Once the closer of the 2004 World Series Champion Boston Red Sox, just five years later the 36-year-old righty finds himself pitching in front of crowds that dip precariously close to triple digits on some nights for the Newark Bears of the independent Atlantic League.
Last in the big leagues with Oakland just last year, where he posted an 0-3 record with a 4.06 ERA and one save in 31 appearances, Foulke’s sole motivation seems to be getting back to the big leagues.
“I don’t enjoy pitching in this league, and I want to use it to help me get out,” Foulke says.
Foulke came to the Atlantic League, he says, because nobody else wanted him. He felt that going to Newark gave him the best chance to get noticed. Several turned down Triple-A offers later — “that probably turned out to be a little bit of a mistake,” he says — one of those offers rumored to have been an early season overture from the Washington Nationals, and you get the sense he feels that anyone who wanted to notice would have by now.
“I don’t want to end my career here,” he said.
“It’s a little harder to get mentally prepared to pitch here, just because there’s really nothing on the line. That’s turned out to be a little bit of a struggle for me.”
Look, I understand that Foulke must be let down that he has not been picked up by a major league team. Pitching in the Atlantic League has to feel like a huge step backwards for Foulke, who pitched quite well for the Athletics last season. I don't understand why Foulke did not receive a better offer out there on the open market, but that's a moot point right now.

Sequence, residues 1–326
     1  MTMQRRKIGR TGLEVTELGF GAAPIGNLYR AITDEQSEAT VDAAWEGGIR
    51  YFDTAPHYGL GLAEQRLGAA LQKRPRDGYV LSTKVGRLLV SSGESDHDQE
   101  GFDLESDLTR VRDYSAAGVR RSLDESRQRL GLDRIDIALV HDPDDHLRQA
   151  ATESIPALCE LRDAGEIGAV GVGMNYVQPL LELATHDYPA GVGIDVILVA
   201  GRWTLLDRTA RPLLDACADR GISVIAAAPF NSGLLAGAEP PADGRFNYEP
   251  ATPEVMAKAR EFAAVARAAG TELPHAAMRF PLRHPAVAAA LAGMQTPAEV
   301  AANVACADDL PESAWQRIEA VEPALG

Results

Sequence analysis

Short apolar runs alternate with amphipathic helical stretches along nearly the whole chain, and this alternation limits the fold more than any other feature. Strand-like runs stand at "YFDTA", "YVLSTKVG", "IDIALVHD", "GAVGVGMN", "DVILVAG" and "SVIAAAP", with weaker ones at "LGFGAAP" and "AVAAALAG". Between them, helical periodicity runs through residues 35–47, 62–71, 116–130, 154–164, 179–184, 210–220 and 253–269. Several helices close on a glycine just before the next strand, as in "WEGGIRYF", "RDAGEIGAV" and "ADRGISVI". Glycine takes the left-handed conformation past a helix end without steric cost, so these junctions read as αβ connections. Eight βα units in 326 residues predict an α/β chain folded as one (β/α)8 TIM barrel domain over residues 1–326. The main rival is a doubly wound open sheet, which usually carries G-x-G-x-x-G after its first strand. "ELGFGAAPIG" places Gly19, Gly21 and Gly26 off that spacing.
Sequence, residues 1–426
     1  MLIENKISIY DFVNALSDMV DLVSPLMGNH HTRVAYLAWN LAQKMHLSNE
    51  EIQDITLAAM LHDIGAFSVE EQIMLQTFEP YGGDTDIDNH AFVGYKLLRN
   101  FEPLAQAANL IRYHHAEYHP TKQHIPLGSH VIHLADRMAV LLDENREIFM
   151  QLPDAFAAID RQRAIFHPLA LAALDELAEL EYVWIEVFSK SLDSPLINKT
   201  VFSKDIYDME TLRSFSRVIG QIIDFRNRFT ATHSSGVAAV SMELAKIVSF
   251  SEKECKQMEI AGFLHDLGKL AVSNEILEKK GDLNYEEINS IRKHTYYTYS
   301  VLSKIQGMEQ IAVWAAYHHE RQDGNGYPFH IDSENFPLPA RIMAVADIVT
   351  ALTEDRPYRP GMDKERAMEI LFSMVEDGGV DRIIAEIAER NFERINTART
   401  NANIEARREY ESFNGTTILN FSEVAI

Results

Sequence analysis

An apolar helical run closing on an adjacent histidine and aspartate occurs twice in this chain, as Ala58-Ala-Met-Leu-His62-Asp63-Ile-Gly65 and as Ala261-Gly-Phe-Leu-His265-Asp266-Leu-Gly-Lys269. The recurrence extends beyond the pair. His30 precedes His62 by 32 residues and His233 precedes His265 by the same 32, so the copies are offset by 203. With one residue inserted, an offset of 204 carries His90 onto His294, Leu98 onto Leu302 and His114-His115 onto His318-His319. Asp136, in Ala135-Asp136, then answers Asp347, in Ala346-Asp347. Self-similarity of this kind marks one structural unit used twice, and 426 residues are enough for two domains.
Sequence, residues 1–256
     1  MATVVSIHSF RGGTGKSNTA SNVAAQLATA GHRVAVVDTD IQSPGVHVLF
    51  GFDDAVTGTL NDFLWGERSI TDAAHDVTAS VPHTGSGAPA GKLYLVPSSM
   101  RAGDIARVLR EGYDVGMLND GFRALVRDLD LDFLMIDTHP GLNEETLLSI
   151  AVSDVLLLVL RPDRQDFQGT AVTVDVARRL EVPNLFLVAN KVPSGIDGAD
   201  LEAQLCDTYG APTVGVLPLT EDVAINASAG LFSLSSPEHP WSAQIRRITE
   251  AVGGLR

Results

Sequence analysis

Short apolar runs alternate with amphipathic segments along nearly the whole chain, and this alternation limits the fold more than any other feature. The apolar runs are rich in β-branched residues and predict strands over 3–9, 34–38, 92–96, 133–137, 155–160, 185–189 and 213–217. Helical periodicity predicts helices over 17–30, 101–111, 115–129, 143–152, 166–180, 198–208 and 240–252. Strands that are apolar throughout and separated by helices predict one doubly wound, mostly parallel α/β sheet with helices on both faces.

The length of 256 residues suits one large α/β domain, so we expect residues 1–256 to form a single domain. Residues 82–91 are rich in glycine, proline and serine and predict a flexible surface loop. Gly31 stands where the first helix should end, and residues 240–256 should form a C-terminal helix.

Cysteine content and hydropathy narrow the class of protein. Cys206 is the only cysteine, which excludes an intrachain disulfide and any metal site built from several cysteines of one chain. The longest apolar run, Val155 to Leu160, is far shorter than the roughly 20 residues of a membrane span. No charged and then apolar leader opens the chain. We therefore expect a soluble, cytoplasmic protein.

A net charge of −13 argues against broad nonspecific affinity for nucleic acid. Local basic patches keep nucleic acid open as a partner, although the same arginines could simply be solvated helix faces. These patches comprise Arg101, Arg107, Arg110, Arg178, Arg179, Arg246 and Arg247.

The question I have for Foulke is this: why turn down the AAA offers? Did he think that he could get a major league deal straight from Indy ball? Was he being overly picky with his team selection? What could he have possibly been waiting for?
Whatever the reason is, Foulke sounds absolutely miserable in the Atlantic League right now. Normally I appreciate when an athlete opens up and delivers a candid response, but for some reason, Foulke's quotes in this interview make me cringe. Between the "I don't like pitching here" line and the "nothing on the line quote", you get the idea that Keith Foulke is stuck in baseball hell just waiting for some MLB team, any team, to rescue him.
However, it's tough to think that any team would be willing to take a chance on Foulke at this point. The article goes onto state that Foulke's velocity is only the low to mid 80s, which makes me wonder if he could even be successful at the big league level.
What do you think?